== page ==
Unplayable Racing: Crespo’s Sao Paulo limited to a draw in Copa Libertadores by the Argentinians’ intense pressing – tactical analysis
On Thursday night, Copa Libertadores saw a clash between the Argentinian Racing Club de Avellaneda and the Brazilian Sao Paulo sides, both former champions of the tournament. The two South American giants topped Group E with four and six points respectively and the clash was expected to be one of the defining moments in the tournament for both sides.
Sao Paulo, coached by former Chelsea star Hernán Crespo, hadn’t won a match in Argentina in Copa Libertadores since 2005, while the home side was facing pressure after a bad run that has left their coach, Juan Antonio Pizzi, in a bad position and under pressure to resign from his role.
The match was a vibrant and intense one as expected and the 0-0 draw left us many interesting aspects from both sides’ tactics. In this tactical analysis, we’ll have a look at the key points of the match.
Both teams lined up in a 3-4-1-2 formation. The home side had in the ex-MLS star Ignacio Piatti their most internationally recognized player, with Maxi Lovera, on loan from Olympiacos, being another standout player for the Argentinian side.
On Sao Paulo‘s side, former Chelsea striker Hernán Crespo chose a team with several very experienced players, including former Barcelona, Juventus and PSG right-back Dani Alves, former Atlético Madrid and Inter centre-back Miranda and ex-Real Madrid Castilla striker Pablo. Combined with some excellent and proven Brazilian Serie A players, Sao Paulo had a strong formation to fight for the three points.
Racing’s attacks: mobility and using spaces on the wings
Racing dominated the game well and put into practice their match plan efficiently. Their high and intense press prevented Sao Paulo from progressing from the back and also allowed them to recover the ball high up the pitch to start their attacks from advantageous positions very often.
Racing were very practical in the buildup for most of the game. Their first idea was to play short and build with their back-three but Sao Paulo pressed high and after a couple of mistakes, Racing changed their approach to playing long balls and trying to win the second ball or press Sao Paulo in their own half.
Sao Paulo pressed very well in goal kicks, forcing Nery Domínguez, Racing’s middle centre-back, to drive the ball forward between them or risk the ball with diagonal passes. In the example below, we can see this setup and one of the few mistakes Racing made in the match.
Racing didn’t fall into the trap of risking the ball and trying to play from the back too many times and instead preferred to play long balls and fight for the second ball. This was one of the main differences in the game as Sao Paulo preferred to play short passes and Racing could recover the ball higher up the pitch and establish themselves in the opposition half this way.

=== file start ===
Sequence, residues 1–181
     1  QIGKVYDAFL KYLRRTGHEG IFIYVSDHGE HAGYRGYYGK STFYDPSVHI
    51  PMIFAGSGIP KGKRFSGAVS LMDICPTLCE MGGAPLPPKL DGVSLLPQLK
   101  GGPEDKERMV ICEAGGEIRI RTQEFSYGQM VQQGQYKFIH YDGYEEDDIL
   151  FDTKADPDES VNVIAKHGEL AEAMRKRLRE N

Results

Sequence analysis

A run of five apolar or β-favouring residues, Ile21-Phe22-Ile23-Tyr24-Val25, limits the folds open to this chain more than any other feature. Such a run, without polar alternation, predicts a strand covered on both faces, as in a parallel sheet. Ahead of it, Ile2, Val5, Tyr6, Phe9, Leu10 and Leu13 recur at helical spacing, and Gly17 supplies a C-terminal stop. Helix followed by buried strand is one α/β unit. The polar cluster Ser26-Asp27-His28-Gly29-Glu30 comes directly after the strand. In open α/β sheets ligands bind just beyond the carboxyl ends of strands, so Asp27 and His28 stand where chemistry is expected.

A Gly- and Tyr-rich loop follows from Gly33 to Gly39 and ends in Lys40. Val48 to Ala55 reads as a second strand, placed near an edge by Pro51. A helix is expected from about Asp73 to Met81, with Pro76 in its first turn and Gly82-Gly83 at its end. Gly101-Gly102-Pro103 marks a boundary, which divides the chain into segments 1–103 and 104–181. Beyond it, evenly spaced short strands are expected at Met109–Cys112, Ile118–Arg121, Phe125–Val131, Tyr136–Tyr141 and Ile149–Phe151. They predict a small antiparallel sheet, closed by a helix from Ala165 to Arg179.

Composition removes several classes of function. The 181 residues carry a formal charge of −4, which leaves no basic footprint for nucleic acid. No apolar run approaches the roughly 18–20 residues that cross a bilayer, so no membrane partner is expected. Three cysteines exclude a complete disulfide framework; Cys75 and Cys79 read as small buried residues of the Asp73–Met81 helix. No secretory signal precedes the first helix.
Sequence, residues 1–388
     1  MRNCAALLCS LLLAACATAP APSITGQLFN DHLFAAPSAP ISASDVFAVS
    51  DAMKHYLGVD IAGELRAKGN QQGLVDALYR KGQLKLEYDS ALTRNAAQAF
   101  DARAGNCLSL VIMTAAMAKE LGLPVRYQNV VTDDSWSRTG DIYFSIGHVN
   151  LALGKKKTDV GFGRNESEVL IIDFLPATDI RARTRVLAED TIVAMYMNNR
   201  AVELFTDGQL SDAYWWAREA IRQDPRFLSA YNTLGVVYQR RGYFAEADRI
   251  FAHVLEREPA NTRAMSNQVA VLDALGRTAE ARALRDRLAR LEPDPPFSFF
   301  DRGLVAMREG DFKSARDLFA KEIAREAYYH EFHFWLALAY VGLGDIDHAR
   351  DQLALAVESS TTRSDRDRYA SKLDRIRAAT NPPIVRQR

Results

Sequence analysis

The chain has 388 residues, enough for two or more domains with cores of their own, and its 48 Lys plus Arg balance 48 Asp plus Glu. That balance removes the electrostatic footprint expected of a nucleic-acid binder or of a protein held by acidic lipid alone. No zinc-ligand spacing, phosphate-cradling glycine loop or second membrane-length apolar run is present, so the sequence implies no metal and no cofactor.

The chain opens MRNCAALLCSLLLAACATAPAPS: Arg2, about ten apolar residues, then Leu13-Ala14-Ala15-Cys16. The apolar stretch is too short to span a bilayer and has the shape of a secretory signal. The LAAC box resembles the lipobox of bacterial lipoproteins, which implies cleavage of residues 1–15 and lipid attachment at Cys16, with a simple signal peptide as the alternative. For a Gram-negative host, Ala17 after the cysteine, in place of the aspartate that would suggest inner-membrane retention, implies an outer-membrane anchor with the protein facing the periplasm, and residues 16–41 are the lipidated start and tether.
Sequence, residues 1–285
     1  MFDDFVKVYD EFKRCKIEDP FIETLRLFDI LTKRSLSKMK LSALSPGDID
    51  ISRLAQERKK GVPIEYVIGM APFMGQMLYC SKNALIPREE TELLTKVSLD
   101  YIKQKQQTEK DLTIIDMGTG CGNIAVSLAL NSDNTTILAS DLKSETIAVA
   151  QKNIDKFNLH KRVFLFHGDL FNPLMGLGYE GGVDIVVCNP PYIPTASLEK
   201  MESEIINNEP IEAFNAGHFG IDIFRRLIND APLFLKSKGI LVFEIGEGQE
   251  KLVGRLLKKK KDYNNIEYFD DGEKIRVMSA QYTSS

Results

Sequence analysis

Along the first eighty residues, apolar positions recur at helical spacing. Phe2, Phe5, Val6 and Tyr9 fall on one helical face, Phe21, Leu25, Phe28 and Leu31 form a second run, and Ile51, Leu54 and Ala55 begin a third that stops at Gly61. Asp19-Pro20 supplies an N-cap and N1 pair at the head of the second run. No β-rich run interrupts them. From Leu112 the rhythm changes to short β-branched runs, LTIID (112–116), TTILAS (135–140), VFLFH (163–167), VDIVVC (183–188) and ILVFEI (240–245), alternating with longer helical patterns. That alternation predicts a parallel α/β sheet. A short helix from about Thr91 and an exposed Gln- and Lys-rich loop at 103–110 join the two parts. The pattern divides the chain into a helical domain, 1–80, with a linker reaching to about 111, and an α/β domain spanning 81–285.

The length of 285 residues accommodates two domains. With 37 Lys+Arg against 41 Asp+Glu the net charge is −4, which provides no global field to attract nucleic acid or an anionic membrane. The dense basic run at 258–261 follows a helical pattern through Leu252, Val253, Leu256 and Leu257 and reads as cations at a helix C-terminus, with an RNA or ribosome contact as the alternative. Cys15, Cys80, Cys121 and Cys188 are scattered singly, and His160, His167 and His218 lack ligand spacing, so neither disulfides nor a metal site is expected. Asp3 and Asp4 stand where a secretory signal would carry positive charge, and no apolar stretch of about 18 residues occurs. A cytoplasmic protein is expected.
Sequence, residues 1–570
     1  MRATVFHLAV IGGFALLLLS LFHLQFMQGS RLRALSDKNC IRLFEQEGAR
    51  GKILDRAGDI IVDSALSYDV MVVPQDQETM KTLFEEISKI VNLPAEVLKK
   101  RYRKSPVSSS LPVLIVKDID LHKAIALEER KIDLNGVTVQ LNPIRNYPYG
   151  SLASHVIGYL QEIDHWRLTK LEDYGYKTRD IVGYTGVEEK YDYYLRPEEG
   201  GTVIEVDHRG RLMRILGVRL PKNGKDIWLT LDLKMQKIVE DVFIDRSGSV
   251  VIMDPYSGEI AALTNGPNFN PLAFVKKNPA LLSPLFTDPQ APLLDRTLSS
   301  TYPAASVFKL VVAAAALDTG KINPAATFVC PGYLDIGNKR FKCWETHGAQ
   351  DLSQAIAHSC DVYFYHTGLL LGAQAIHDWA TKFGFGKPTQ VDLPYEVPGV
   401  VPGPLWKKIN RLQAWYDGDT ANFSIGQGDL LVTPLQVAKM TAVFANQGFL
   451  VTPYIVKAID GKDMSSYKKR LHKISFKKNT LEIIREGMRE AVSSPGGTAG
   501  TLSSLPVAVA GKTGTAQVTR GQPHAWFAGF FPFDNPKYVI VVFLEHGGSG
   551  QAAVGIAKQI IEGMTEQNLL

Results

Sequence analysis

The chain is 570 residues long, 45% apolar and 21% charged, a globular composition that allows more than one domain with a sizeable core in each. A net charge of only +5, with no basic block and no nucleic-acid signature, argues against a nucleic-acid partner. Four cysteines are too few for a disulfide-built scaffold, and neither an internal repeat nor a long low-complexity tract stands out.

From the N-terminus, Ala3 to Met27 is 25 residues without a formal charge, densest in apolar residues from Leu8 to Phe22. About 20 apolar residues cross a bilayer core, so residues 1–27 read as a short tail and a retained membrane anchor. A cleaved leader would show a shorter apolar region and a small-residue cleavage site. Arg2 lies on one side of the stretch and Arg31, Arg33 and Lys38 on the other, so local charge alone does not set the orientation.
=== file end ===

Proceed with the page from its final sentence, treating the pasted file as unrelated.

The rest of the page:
The times when the Brazilians’ pressing didn’t work well, Racing looked to find Maxi Lovera between the lines. Lovera, who was one of the two strikers on paper, played in a free role and was key to Racing’s progression, moving very well behind Sao Paulo’s midfield and finding lots of space to create a numerical advantage in midfield as none of the centre-backs followed him when he dropped deep. Once he received the ball, Lovera was quick to turn and attack, accelerating the attacks with his dribbles and passes and even attempting a couple of shots from distance.
In the following picture, we can see Lovera’s movements to receive between the lines. Sao Paulo’s midfielders are man-marking Racing’s and the centre-back doesn’t follow the Argentinian forward so he has plenty of space to receive, turn and play forward.
When the attacks naturally reach the opposition half, Racing again looked to activate Lovera so he accelerated the play through central areas or play wide and then cross. Sao Paulo centre-backs struggled to follow him in most phases of the game and he managed to create numerical advantage and receive the ball free from any mark several times.
Below we can see another example of Lovera receiving free and with space to turn and attack. When he dropped deep, Lovera often found spaces to advance almost to the edge of the box and if a rival stepped out to challenge him, he had space to use his dribbling skills and advance anyway.
When they reached the opposition half, Racing looked to play quickly and directly. Their possessions weren’t very long and they dominated the ball by recovering it quickly rather than by keeping it for long periods.
There was a lot of running in behind from Racing’s striker, be it Maggi or Cvitanich when he came in. They pinned the centre-backs with constant movements in behind and prevented Sao Paulo’s defensive line from closing down spaces and playing closer to the midfielders, creating a perfect space for Lovera to operate comfortably.
The Argentinians also managed to create a lot from the wings despite the wing-backs not being especially offensive. Both Cáceres and Mena timed their runs very well to get into good positions and crossed a lot of times (5 crosses and 0.64 xA between both). Racing used the wings very effectively in general and attempted 16 crosses in total.